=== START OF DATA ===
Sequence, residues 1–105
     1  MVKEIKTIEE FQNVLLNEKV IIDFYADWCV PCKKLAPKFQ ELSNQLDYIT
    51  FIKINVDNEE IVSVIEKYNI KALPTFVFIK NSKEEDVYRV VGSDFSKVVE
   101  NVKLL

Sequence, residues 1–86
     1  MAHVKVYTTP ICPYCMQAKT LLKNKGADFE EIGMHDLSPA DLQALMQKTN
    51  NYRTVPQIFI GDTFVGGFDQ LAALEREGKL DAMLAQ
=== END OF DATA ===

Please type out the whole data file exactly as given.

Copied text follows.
Sequence, residues 1–105
     1  MVKEIKTIEE FQNVLLNEKV IIDFYADWCV PCKKLAPKFQ ELSNQLDYIT
    51  FIKINVDNEE IVSVIEKYNI KALPTFVFIK NSKEEDVYRV VGSDFSKVVE
   101  NVKLL

Sequence, residues 1–86
     1  MAHVKVYTTP ICPYCMQAKT LLKNKGADFE EIGMHDLSPA DLQALMQKTN
    51  NYRTVPQIFI GDTFVGGFDQ LAALEREGKL DAMLAQ